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Electric Shower Not Getting Hot? Here’s Why (And How to Fix It)

A hot electric shower is something most of us take for granted — until it stops getting hot. When your shower starts spraying you with ice-cold water, figuring out what’s wrong and fixing the problem is a top priority.

Your electric shower may not be getting hot due to a lack of power supply caused by damaged fuses or switches, a malfunctioning heating element, or a build-up of solid minerals.

In this article, I’ll discuss the causes of your electric shower suddenly losing its capacity to heat water, and provide you with some simple do-it-your own fixes I’ll also tell you when the problem is too complex for a DIY fix and requires the help of a plumber. 

How Do Electric Showers Work?

Before I get into diagnosing and fixing your electric shower’s heating issue, I need to briefly explain how electric showers work so you can more easily troubleshoot and fix your shower.

Electric showers work the same way as electric toasters do — heat is produced by sending an electric current through a heating element.

The heating element is responsible for converting cold or tap water into hot water, which will be stored in a small tank to ensure a constant supply of hot water.

The exact method of temperature control depends on the sophistication of your shower.

In basic electric showers, turning the temperature dial on your shower changes the amount of water that flows past the heating element.

The more water that runs over the element, the hotter the water temperature.

A more complex shower will use a combination of thermostats, flow sensors, and pressure-balancing valves to control the temperature.

It may also use a water mixing tank to prevent sudden temperature changes when you move the temperature dial.

Now that you have a basic understanding of how electric showers work, let’s get into the troubleshooting.

Causes of Electric Shower Not Getting Hot

Electric showers have built-in safety measures designed to avoid dangerous problems such as short circuits and extremely high water temperature.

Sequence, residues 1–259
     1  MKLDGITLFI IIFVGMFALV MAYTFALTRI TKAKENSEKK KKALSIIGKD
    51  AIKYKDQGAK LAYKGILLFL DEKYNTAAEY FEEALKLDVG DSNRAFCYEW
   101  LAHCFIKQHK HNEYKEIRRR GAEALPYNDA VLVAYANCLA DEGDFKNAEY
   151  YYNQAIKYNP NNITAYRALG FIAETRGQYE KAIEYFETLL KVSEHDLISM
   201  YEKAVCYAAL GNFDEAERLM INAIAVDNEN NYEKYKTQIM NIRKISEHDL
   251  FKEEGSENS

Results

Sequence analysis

However, more often than not, a damaged or a malfunctioning safety measure is the cause of your shower not getting hot.

In addition, electric showers can also fail to provide hot water due to iron and limescale build-up in the filters, showerheads, and shower tubes.

These build-ups are caused by the presence of minerals in your tap water.

Let’s get into these in more detail below:

Malfunctioning Heating Element

As I mentioned, the heating element is responsible for heating the water that passes through your electric shower.

A malfunctioning heating element is the most likely reason your electric shower isn’t getting hot; heating elements can have a variety of potential issues, but they often simply stop working due to corrosion and old age.

Before testing the heating element, you’ll need to make sure that the water supply and power supply are both turned off.

You can do this by either turning off the isolation switch or a pull-over switch, depending on your shower model.

As an added safety precaution, turn off the breaker switch that powers your electric shower.

This will protect you from a dangerous short-circuit if your electric shower has faulty electric wiring.

How to Troubleshoot the Heating Element

  1. After ensuring that no electricity is going into your shower, remove the cover of your shower.
  2. You should be able to see a small heating tank under the cover. Inside this tank is the heating element (or elements) that you will be testing.
  3. You will notice that the tank has two wire connections – blue and black. (The black color may be brown in some showers.)
  4. Using your multimeter, connect the black probe with the blue wire and connect the red probe with the black/brown wire.
  5. You’re checking the element for resistance, so your multimeter should be measuring in Ohms.
  6. If the resistance level is between 11 and 18, then your heating element is functioning properly. If it reads a 1 or a 0, then the element is blown and you’ll need to replace the heating tank.

Malfunctioning Thermal Cutoff Switch

Another common reason for most electric showers failing to heat correctly is a broken or malfunctioning thermal cutoff switch.

More commonly known as TCO, thermal cutoff switches are safety switches designed to automatically shut off the shower if the water temperature is too high.

If your electric shower has a faulty TCO switch, it may be shutting down your electric shower and its heating capacity even if your water temperature is perfectly safe.